• You can force a specific value of this with a function’s call, apply and bind methods
  • If the function is an => arrow function, this is hard-wired to refer to the value of this at the location where the function was defined

None of these exceptions apply in the above example, and you don’t know how handleClick is called (because it is called within the React’s button component). As such, you have no idea what this will be!

My explanation of this is a bit like high school chemistry; it’s a nice idea but it may give an expert a heart attack.

If all you want to do is use React, it is probably good enough. But otherwise go read the details at MDN.

How’d you go? Don’t worry too much if you’re a little confused; this is confusing, even for the experts. But there is one important thing that you need to remember:

Once you’ve passed a method as a callback, you have no idea how it will be called, and thus no idea what this will be.

That is, unless you use an arrow function.

In an arrow function, this means the same thing within the function body as it does outside of it. Which means that if you use arrow functions within your component’s render or lifecycle methods, they can use this and this.setState with no surprises.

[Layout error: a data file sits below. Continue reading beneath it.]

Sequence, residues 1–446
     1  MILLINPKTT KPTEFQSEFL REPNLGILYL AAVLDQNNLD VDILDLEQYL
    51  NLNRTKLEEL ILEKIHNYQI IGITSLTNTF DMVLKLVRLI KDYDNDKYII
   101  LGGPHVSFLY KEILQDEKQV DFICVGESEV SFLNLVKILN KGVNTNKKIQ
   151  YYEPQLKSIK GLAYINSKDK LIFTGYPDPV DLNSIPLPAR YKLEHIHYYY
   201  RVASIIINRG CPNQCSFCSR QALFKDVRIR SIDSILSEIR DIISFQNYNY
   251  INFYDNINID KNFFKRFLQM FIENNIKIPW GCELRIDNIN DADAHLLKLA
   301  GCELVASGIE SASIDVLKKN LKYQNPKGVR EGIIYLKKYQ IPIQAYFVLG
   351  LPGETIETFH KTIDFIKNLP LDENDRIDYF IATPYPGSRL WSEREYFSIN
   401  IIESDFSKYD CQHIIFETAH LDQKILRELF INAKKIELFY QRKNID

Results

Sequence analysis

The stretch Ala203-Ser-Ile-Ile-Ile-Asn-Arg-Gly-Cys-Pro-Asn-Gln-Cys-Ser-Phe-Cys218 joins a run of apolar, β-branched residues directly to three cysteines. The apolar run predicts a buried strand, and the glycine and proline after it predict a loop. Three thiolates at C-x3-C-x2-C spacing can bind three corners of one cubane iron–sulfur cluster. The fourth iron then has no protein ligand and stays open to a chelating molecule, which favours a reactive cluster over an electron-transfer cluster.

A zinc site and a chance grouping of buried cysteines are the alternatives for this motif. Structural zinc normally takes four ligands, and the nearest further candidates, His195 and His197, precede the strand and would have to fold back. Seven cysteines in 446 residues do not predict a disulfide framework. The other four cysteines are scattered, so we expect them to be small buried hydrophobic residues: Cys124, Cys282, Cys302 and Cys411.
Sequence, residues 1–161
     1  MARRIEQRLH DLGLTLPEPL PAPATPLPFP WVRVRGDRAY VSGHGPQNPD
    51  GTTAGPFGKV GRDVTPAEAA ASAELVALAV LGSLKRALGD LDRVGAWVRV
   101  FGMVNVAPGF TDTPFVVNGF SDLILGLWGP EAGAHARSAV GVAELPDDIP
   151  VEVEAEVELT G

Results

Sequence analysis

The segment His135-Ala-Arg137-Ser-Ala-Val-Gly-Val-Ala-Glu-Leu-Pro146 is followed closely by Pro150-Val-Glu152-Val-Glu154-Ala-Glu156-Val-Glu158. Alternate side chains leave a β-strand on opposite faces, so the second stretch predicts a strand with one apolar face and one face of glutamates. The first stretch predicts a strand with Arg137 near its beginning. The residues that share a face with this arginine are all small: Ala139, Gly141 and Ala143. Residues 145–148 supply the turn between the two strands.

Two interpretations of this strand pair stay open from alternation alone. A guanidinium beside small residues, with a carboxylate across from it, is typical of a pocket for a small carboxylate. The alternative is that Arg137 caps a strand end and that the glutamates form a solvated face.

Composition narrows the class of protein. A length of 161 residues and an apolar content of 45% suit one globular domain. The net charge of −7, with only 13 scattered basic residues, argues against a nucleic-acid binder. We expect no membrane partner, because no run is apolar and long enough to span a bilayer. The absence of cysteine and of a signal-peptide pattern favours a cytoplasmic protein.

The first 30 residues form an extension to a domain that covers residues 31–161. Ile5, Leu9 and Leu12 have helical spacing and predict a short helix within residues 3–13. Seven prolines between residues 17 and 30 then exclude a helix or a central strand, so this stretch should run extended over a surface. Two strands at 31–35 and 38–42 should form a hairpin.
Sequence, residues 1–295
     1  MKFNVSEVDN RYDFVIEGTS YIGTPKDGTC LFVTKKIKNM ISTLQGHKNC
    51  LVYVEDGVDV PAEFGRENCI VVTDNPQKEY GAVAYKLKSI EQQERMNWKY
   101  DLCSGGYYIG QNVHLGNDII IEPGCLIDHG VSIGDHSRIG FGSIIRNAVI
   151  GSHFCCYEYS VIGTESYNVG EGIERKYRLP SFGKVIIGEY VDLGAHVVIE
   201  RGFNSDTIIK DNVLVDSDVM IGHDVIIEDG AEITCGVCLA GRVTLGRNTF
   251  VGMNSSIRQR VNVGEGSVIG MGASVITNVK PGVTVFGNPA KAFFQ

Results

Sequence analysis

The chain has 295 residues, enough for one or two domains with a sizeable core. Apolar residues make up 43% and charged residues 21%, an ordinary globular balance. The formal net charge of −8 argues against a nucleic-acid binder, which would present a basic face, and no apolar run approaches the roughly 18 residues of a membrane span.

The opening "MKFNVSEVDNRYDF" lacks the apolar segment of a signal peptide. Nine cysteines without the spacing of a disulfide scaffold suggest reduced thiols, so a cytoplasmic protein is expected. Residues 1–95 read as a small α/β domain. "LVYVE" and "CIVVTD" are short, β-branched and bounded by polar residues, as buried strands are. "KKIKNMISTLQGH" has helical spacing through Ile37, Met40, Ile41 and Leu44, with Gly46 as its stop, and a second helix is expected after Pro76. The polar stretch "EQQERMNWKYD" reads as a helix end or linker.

For example, you could fix the above example by replacing the handleClick callback with an arrow function:

class Button extends React.Component {
  render() {
    return (
      <button
        onClick={() => this.setState({ backgroundColor: 'red' })}
        style={this.state}
      >
        Set background to red
      </button>
    )
  }
}

ReactDOM.render(
  <Button />,
  document.getElementById('app')
)

Simple, right? But if you do need help remembering the rule, just remember that arrow functions can’t touch this!

But this old-school classic doesn’t explain why you wouldn’t want to use arrow functions. So let’s continue.

Browser support

Browser support for arrows is currently around 73%, i.e. everything except IE (pun intended). This means that you wouldn’t want to use arrow functions if you’re writing raw JavaScript for IE. But you already know that. And you’re probably transpiling your code anyway.

Performance implications

The biggest problem you can have with arrows is that they’re too easy to define. You may find yourself defining functions where don’t actually need them. But why would too many functions be a problem?

Function definition is expensive